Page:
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How “Going Green” Can Save You Money

Plant with dirt being help in cupped hands

“Yeah, right.” I’m sure that’s what you thought when you read the title of this blog. Most of us have heard that while a greener existence may help the planet, it usually comes at a cost. I was expecting the same thing when I started my “eco-journey” but, after a few months of dedication and some math, I started to notice that I was beginning to save. Below, I’ve shared three small “eco-friendly” changes I’ve made that have had a positive impact on the planet and my budget.

Saying Goodbye to Coffee Cups

I’m a big fan of including items you love in your budget and for me, I have always reserved a little extra cash for coffee. For years I’ve used coffee as a reward for myself after a hard day or long week. When making the decision to be more eco-friendly, I decided to jump on the reusable cup wagon. Many coffee shops offer discounts to people with reusable cups, so I knew I would have some savings when I switched. Of course, the pandemic shook this up with many coffee shops pausing their reusable cups policy, but with restrictions lifting, many locations are revitalizing their programs. Make sure to check with your local coffee shop before you go to see what savings you could gain.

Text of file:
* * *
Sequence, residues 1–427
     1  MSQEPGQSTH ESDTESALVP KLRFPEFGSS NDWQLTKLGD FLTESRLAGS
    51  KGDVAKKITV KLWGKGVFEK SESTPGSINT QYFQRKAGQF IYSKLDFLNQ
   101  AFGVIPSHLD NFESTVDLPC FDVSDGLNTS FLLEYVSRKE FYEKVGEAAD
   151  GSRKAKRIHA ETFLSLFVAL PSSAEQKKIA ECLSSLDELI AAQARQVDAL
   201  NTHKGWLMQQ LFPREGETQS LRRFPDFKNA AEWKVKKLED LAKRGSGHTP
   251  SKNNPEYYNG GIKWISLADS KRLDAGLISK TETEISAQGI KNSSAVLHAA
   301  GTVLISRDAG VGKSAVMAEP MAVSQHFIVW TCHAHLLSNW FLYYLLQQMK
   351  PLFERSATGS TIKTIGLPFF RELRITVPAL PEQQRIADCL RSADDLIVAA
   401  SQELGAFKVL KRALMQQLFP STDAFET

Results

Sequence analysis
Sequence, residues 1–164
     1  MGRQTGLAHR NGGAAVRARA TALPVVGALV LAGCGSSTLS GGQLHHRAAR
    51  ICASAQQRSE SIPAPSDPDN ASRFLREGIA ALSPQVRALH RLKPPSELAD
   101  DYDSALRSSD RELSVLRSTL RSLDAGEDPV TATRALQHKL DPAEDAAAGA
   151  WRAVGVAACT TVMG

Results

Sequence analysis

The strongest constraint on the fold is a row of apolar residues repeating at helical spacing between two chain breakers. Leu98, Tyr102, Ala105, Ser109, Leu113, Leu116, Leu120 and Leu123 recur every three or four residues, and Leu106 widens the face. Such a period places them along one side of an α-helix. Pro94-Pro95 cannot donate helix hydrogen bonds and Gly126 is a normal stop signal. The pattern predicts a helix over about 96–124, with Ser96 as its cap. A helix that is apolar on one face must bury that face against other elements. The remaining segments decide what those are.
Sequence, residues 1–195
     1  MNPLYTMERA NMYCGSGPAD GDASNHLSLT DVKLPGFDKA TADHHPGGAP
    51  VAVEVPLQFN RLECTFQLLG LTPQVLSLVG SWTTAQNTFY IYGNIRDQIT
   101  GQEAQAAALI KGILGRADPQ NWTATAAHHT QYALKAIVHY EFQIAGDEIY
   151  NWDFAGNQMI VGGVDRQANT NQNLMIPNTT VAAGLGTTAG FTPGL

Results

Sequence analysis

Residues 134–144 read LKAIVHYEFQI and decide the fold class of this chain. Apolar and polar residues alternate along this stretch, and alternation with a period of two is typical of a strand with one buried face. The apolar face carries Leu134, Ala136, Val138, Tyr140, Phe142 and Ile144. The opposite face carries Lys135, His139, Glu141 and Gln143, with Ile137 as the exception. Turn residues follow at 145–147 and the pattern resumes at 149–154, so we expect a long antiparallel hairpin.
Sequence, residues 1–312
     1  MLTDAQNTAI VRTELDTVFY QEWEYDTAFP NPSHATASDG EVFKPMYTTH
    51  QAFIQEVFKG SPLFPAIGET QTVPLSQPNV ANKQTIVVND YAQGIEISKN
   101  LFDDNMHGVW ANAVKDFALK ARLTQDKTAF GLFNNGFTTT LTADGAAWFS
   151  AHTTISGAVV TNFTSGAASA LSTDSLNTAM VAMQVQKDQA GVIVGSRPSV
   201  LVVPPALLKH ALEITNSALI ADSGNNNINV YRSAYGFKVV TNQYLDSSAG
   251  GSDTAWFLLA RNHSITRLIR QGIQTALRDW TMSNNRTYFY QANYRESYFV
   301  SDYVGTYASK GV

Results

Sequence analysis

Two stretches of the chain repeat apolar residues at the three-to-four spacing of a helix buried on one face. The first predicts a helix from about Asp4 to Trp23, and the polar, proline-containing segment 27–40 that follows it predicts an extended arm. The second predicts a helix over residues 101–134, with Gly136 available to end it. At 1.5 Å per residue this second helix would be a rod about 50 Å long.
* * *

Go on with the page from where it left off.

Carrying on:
When I started this process, things didn’t go as planned. Since I had been using coffee as a reward, I would buy it sporadically. This meant that within a relatively short period of time, I found it a hassle to remember my cup and have it prepared for the next time I would decide to get a coffee. Most times, I wouldn’t realize that I forgot my cup until I was pulling up to the drive-thru window and was forced to purchase coffee in a disposable cup.